Role of the G Protein-Coupled Bile Acid Receptor TGR5 in Liver Damage.

Reich M, Klindt C, Deutschmann K et al.

Clinic of Gastroenterology, Hepatology and Infectious Diseases, Heinrich-Heine-University Düsseldorf, Düsseldorf, Germany.

Digestive diseases (Basel, Switzerland). 2017.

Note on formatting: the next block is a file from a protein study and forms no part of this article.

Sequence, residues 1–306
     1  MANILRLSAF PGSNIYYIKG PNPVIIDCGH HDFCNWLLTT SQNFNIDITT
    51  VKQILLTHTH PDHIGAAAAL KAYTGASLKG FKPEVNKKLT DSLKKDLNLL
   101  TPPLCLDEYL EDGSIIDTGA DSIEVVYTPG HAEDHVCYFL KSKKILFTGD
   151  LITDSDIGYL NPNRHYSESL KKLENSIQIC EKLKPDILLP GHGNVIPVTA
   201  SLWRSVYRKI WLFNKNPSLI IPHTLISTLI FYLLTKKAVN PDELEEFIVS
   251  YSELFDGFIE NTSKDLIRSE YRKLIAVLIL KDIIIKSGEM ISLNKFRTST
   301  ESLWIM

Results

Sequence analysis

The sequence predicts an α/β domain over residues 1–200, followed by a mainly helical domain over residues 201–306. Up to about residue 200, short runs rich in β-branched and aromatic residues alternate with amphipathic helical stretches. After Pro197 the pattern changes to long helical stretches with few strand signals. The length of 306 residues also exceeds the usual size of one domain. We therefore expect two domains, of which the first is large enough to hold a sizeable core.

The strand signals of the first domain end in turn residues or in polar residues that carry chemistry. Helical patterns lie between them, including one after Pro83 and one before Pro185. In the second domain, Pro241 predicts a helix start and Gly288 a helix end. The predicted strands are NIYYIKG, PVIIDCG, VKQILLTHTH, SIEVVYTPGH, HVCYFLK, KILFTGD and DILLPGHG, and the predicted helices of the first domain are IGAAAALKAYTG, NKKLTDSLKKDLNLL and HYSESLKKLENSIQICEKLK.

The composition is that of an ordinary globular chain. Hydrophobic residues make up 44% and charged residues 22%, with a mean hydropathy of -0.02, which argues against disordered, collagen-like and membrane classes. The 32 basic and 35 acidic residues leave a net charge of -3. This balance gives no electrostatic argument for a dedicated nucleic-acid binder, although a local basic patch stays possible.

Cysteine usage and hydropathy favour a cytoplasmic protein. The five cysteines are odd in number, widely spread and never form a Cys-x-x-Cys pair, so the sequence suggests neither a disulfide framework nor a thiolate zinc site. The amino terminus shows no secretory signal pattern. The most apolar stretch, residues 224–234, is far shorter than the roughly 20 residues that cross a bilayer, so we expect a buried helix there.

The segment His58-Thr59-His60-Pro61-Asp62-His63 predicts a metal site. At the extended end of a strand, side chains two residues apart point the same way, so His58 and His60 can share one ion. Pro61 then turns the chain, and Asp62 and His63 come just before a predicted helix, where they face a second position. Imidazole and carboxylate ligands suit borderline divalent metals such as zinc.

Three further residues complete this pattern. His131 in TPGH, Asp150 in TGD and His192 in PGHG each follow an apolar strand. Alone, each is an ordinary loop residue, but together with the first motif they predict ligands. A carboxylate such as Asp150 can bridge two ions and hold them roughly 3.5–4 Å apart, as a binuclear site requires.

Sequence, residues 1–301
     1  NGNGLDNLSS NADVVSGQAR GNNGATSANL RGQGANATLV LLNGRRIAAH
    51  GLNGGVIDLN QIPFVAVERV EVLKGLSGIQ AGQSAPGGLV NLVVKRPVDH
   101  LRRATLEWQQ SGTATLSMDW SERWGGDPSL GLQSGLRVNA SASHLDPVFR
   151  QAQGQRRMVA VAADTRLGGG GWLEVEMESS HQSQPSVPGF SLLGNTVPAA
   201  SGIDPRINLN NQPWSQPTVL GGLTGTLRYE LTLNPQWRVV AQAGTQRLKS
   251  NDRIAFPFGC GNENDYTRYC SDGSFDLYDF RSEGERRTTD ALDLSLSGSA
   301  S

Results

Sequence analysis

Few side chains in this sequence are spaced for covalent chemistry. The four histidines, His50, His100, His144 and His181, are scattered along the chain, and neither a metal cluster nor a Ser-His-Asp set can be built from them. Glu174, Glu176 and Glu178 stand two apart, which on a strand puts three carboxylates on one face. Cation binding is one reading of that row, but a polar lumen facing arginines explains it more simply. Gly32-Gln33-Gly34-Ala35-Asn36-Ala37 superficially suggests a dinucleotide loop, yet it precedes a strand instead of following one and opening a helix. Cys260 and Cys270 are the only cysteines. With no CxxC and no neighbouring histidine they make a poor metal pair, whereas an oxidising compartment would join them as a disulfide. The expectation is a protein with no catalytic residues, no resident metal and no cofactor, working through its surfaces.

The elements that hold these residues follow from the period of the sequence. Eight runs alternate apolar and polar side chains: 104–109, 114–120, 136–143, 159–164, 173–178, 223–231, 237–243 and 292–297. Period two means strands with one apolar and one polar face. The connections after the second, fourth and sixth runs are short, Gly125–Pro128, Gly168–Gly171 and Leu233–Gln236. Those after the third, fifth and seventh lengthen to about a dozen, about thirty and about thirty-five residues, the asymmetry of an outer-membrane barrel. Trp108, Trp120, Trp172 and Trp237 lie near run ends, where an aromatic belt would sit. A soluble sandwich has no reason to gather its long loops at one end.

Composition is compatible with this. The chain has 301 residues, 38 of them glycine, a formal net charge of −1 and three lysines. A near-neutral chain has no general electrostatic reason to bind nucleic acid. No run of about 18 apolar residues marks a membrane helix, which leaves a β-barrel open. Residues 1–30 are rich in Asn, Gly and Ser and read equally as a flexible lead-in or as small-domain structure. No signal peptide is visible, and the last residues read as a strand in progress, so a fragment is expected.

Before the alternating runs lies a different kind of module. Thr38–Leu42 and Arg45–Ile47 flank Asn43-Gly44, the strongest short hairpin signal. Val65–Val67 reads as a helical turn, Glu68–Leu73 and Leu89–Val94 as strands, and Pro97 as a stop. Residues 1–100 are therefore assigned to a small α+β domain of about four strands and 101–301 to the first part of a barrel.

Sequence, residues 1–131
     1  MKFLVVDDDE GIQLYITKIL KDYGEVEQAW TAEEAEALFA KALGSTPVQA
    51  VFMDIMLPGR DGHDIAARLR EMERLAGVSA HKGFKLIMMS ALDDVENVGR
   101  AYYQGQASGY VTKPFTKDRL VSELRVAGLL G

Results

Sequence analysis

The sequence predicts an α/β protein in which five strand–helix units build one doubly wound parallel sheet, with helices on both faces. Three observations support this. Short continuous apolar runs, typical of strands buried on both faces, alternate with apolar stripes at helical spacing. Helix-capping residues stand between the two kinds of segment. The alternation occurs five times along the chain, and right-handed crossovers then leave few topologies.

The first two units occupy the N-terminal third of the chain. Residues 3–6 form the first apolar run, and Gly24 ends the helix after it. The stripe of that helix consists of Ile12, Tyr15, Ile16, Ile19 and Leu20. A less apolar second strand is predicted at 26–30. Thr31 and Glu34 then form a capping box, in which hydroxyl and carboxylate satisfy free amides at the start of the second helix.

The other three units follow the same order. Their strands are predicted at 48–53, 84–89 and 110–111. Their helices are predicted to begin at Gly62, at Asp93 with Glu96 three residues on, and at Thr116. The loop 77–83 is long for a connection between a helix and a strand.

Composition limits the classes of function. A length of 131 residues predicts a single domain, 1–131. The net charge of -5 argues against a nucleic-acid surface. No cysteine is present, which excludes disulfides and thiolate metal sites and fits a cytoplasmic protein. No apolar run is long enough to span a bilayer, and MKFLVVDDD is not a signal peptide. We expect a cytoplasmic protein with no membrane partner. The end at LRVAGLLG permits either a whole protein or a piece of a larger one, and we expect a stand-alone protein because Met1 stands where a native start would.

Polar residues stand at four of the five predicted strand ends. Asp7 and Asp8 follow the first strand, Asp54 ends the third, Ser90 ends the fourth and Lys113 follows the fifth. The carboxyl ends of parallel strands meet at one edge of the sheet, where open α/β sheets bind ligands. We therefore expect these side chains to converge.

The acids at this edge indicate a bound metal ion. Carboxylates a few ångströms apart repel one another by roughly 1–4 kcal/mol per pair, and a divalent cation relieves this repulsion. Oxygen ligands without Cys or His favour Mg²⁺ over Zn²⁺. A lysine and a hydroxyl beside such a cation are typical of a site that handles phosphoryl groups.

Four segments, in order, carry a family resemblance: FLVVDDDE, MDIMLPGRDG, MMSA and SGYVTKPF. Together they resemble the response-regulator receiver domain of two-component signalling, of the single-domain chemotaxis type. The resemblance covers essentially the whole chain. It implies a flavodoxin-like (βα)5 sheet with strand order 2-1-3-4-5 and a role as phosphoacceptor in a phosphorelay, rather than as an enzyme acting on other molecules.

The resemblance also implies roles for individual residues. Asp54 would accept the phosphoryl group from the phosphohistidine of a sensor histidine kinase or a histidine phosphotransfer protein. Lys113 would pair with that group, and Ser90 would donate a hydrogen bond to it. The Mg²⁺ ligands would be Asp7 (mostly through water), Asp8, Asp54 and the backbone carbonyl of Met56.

TGR5 (G protein-coupled bile acid receptor 1, M-Bar) is a G protein-coupled cell surface receptor responsive to bile acids (BA) and different steroid hormones. TGR5 mRNA is detected almost ubiquitious in human and rodent tissues with a very high expression in gallbladder, liver and intestine. In liver, TGR5 is found in sinusoidal endothelial cells, Kupffer cells and cholangiocytes. Activation of TGR5 triggers an elevation of intracellular cyclic AMP and further downstream signalling. Key Messages: TGR5 exerts anti-inflammatory effects, protects cholangiocytes from BA-induced toxicity, promotes cholangiocyte secretion and proliferation and reduces portal perfusion pressure. Furthermore, TGR5 mediates gallbladder filling. TGR5 knockout mice have a smaller BA pool size with altered composition and develop more severe liver injury after BA feeding, common bile duct ligation or injection of lipopolysaccharide. The absence of TGR5 also reduces the proliferative and regenerative capacity after partial hepatectomy or liver damage. Stimulation of TGR5 signalling can improve steatohepatitis, portal hypertension and hepatic inflammation in rodent models of liver damage. However, TGR5 activation also promotes the proliferation of cystic and malignant-transformed cholangiocytes.TGR5 plays an important role in the protection of the liver from BA toxicity under cholestatic conditions. Stimulation of the receptor prevents excessive liver damage in rodent models of cholestasis, steatohepatitis, liver fibrosis and inflammation and also promotes liver regeneration. However, the activation of TGR5-dependent signalling may also trigger proliferation and apoptosis resistance of cystic cholangiocytes and malignantly transformed cholangiocytes, thus promoting cyst growth in polycystic liver disease or progression of cholangiocarcinoma. Depending on the type of liver disease stimulation as well as inhibition of TGR5, signalling may present a useful therapeutic approach.


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